Whether there’s a need for introducing, or even practising, collaborative cross functional team ideation or tackling a small but particularly thorny user problem where speed to market is key then this framework will aid in that endeavour.
One hour is a tight timeframe and there’s only so much that can be done. This format along with a strict and forced tight brief actually alleviates the pressure of conceptualising the ‘right idea’ first time and can aid in building an understand of continuous experimentation
Through the process of divergent and convergent thinking participants have to react quickly, even subconsciously, to a user problem. Accessing thoughts and ideas that may have been dormant or even previously denounced.
Another great thing about this framework is that getting buy-in from people in the business is going to be relatively easy compared to longer workshop. In traditional low Agile/Design/Product maturity companies trying to get the attention of business leaders for a full week Design Sprint or even a day for ideation is an unenviable, if not impossible, task.
This framework can very easily be used to prove that including those people that are not often privy to the positive output of cross functional ideation has a huge benefit to the team process and understanding, the product and it’s customers. There is also residual affects of increasing the aforementioned maturity, giving the team new business avenues to explore and deeper access to ongoing business understanding.
Due to the incredibly tight timeframe it’s important that facilitators are fully prepared upfront. They should not only know the framework inside out, which should be relatively simple, but people and team mix should be decided beforehand and the problem statement identified and confirmed by a Product Manager to ensure the workshop is focused.
Next steps should be outlined early; is this workshop merely to introduce collaboration or is there an immediate user problem that needs a potential solution? The outcomes will differ based on why the workshop is required, the latter will require a plan to build an minimum viable product (MVP), it may require more analysis, design and usability testing before the experiment goes live.
It’s also important that the facilitators are relatively experienced as participants are definitely going to push the time boundaries and focus. If there’s business stakeholders involved it might also be the case that some feel like they are creatively lacking or uncomfortable presenting ideas and they’ll need support with this.
The simple things are often forgotten so make sure the right size of room is booked upfront and has all the necessary equipment, which thankfully for this workshop is just pens and paper. Make sure everyone invited is available and aware of the purpose of the workshop and if it’s possible share the problem statement upfront (unless there’s a reason to manage how people react to an immediate problem).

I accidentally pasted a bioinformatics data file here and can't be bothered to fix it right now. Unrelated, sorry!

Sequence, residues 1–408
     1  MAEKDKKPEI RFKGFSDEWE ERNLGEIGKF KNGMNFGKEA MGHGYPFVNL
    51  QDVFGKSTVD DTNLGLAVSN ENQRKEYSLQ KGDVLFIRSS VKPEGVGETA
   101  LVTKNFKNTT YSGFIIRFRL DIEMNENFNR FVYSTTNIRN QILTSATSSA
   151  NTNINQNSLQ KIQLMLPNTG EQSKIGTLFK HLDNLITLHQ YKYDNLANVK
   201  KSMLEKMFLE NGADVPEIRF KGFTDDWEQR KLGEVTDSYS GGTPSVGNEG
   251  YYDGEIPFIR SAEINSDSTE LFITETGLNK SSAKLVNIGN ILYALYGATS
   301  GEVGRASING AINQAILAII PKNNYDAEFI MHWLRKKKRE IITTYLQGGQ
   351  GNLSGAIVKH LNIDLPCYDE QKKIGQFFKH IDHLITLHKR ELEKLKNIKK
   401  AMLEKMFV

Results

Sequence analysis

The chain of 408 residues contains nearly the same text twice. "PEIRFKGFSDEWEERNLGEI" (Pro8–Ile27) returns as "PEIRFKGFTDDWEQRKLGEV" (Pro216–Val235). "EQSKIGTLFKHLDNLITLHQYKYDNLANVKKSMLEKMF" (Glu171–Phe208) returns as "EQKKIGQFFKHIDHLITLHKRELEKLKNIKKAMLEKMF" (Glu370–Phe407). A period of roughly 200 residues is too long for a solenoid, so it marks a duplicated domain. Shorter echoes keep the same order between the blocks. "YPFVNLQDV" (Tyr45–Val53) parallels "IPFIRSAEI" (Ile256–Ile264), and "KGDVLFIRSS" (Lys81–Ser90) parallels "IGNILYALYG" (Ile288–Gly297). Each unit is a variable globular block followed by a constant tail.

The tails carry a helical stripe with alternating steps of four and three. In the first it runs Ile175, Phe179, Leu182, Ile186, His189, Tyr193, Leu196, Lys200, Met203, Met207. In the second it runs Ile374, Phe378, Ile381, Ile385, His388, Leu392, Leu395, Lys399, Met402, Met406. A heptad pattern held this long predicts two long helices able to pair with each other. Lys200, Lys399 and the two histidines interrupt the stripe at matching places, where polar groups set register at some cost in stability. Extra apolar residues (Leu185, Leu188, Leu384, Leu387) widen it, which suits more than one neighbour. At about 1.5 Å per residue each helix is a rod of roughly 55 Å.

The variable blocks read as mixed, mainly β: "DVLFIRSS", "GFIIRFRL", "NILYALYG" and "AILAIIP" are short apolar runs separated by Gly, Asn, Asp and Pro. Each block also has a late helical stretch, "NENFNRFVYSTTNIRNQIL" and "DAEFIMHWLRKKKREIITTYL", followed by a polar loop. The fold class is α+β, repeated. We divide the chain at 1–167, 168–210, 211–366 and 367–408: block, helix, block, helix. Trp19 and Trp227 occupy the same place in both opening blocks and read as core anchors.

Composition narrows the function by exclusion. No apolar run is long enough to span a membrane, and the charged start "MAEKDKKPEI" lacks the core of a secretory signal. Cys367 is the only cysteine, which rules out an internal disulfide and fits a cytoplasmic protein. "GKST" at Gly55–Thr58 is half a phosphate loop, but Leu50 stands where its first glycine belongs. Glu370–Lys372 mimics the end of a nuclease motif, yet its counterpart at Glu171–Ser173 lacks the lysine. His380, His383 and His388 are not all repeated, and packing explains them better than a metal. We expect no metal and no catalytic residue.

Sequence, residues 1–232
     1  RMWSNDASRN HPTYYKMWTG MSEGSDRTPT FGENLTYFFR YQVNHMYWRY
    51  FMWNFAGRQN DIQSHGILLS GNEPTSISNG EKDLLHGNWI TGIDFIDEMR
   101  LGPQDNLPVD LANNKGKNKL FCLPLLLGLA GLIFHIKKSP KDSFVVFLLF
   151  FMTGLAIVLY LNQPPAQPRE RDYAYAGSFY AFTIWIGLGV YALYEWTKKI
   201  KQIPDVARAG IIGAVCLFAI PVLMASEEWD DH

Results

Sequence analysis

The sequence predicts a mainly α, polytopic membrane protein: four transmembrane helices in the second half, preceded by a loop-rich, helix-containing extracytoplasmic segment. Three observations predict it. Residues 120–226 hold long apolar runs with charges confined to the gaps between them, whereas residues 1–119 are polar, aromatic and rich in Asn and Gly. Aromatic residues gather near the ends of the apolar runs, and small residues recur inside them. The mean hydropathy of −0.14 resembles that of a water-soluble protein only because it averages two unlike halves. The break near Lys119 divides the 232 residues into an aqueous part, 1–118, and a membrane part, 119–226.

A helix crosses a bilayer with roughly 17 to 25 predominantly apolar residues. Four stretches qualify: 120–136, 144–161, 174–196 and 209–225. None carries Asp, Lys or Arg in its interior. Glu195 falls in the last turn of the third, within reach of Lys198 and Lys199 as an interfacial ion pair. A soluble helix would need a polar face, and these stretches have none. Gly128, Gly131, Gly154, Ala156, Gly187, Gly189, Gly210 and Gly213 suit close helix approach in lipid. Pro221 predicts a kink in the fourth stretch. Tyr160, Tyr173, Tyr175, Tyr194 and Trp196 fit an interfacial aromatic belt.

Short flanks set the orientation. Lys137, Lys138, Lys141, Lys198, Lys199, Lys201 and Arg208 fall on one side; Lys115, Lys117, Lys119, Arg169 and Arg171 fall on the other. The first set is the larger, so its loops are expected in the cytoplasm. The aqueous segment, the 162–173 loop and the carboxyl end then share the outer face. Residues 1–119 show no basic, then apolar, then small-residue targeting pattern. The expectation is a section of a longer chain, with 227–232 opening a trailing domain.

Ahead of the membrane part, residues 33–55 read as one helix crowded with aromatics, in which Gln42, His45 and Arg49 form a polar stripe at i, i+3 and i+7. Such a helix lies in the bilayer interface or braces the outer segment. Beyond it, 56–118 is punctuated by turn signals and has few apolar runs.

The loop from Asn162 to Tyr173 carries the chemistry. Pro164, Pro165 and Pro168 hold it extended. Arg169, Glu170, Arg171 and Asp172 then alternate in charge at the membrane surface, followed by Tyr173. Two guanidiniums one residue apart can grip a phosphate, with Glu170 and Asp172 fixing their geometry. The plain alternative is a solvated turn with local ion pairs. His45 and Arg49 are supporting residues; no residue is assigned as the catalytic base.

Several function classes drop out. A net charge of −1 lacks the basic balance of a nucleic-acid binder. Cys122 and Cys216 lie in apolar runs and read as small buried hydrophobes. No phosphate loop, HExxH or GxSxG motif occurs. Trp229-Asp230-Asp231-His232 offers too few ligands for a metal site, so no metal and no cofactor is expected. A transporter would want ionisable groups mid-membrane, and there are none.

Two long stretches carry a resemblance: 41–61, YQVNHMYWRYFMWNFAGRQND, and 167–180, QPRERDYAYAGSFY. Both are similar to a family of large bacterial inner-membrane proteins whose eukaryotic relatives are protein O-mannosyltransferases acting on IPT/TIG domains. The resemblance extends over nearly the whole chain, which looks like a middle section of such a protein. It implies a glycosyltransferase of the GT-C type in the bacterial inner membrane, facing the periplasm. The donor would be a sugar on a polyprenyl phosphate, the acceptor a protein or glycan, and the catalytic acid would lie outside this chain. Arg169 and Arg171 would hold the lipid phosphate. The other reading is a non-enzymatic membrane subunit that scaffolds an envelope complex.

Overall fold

Although the actually workshop exercises are just one hour it’s definitely worth booking time either side. With a problem statement that requires further context sharing before the workshop or the team need to be creatively kickstarted then book no more than 30 minutes before. Include maybe 10 to 15 minutes at the end of the workshop to discuss any next steps.
With this kind of ideation speed is the key so use something like Crazy 8s to draw out ideas, focus participants minds and keep them within both time and ideation constraints. Sketches are always preferred but some people may feel more comfortable with story boarding or simply writing bullet points and that’s fine.
Each participant and group will have set times to present their ideas, these should be succinct explanations of their conceptual work without getting hung up on any specific functionality details or how it might be delivered.
People and Teams
The most effective way to run this, indeed any kind of product ideation workshop, is ensuring a cross functional and diverse view by including people from across the spectrum of product development teams, business stakeholders, subject matter experts and if possible even end users.
Depending on the number of problem statements, bandwidth to work on any potential solutions and number of facilitators available the participant numbers can be flexible. Teams should be groups of no less than three and no more than five people, each facilitator can manage two to three groups dependent on experience and each group will have one idea at the end.
Getting in the mood
Having been successful in ensuring a cross functional element to the workshop it’s worth highlighting that some of those people may not be completely comfortable in the situation. Not everyone is accustomed to working in diverse teams or dealing with end user related problems, some may be relatively nervous in open discussion about, even critique of, creative ideas.